New statistics released by HMCTS (Her Majesty's Courts and Tribunals Service) reveal that in April 2022 (when no fault divorce was introduced) divorce applications increased by a massive 92% on the amount of online divorce petitions filed in April 2021.
However, this significant jump in the divorce rate may not be quite as alarming as it first seems.
The introduction of no fault divorce was long awaited by family lawyers who had campaigned for its introduction in to English law for decades. Likewise, when the Act legislating for no fault divorce was passed in June 2020 many clients were eagerly looking forward to being able to divorce without having to attribute blame. However, despite the Act being passed in 2020, the No Fault Divorce provisions did not come in to force until 6 April 2022 and several of our clients chose to wait until they could apply on a no fault basis before commencing their divorces.
The removal of fault from divorce applications was not the only change. Amongst other procedural amendments, the new law requires a 20-week period of reflection between the application for divorce and the application for a conditional order of divorce (previously known as the Decree Nisi). Under the old rules, this period of reflection did not exist and so a Decree nisi (as it then was) could be obtained more quickly.
As the court does not have the jurisdiction to make or approve a final financial remedy order until the Conditional Order has been made, we also had clients who were keen to issue an ‘old style’ divorce petition prior to the change in the law so that they could submit their financial consent order to the court for approval without having to wait 20 weeks for their Decree Nisi. The HMCTS statistics show that 11,389 ‘old law’ online divorce petitions were issued in March 2022, immediately prior to the change in the law. This was a 37% increase from the number of online petitions in the month before.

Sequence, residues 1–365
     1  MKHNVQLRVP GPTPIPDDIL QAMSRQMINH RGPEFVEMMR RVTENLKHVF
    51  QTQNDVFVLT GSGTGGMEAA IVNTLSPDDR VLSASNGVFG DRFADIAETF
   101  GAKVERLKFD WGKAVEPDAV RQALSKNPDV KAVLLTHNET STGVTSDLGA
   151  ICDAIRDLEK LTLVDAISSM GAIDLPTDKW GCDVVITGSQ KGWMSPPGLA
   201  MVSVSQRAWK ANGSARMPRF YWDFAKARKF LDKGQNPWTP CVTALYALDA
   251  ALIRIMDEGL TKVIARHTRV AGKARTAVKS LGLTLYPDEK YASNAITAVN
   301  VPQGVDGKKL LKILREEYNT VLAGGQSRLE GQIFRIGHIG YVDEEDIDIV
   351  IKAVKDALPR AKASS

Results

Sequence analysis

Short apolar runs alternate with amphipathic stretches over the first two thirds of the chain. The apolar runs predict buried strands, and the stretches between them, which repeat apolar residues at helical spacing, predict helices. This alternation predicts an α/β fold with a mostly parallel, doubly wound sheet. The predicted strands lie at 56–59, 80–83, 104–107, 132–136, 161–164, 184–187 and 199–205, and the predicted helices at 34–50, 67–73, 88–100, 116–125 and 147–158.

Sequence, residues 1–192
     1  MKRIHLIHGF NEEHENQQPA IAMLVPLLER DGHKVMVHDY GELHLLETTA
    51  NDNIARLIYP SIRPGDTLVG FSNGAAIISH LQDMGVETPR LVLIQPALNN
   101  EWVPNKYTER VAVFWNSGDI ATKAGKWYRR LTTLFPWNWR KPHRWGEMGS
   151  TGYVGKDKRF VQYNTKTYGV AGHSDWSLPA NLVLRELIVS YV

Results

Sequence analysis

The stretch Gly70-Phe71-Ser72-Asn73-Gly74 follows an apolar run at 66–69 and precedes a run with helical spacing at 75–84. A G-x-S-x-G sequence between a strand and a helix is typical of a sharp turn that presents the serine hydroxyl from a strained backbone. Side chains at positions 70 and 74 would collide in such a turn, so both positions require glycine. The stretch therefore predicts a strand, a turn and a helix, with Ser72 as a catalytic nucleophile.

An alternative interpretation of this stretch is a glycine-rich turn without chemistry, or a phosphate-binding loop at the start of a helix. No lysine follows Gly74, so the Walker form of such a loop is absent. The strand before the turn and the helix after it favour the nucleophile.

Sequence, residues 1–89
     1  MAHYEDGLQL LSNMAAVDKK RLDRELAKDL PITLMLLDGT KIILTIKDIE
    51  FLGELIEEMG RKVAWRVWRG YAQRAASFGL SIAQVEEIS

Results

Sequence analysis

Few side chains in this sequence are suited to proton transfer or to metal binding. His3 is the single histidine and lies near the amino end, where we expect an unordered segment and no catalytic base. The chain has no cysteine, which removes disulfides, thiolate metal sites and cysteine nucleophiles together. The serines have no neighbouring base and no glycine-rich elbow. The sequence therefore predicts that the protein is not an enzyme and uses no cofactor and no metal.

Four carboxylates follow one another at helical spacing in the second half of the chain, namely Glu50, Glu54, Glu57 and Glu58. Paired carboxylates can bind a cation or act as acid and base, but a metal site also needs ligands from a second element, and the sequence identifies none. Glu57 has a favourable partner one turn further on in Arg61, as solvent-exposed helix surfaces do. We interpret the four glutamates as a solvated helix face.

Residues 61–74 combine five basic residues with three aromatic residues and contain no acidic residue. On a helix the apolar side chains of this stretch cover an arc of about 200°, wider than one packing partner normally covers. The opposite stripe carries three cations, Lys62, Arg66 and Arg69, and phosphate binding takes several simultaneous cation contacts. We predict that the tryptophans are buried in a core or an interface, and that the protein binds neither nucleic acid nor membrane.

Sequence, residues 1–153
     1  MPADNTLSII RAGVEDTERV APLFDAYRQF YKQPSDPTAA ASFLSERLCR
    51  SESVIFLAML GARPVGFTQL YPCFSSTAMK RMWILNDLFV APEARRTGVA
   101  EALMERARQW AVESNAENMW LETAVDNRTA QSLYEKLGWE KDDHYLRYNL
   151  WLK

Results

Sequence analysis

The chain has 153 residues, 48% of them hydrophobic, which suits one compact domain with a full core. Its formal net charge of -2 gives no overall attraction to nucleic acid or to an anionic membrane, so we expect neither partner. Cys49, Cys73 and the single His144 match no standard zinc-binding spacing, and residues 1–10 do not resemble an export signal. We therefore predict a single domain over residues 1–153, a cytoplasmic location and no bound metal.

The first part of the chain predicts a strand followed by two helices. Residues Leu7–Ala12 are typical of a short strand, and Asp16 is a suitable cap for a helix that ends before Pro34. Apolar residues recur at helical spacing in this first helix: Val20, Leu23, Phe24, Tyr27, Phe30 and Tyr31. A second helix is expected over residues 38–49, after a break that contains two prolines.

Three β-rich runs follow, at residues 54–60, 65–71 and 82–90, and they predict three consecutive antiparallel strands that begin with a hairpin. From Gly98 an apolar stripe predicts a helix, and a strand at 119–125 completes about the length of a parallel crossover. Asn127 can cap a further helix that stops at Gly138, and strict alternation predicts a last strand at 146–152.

The HMCTS statistics show an increase in divorce applications made immediately prior to and immediately following the change in the law. This is consistent with our firm’s experience of advising clients who either wanted to rush through an ‘old law’ petition or wait for a no fault application. It is likely that the divorce rate will stabilise again following the initial rush of new law applications and we will be monitoring the statistics with interest to see if this is the case.
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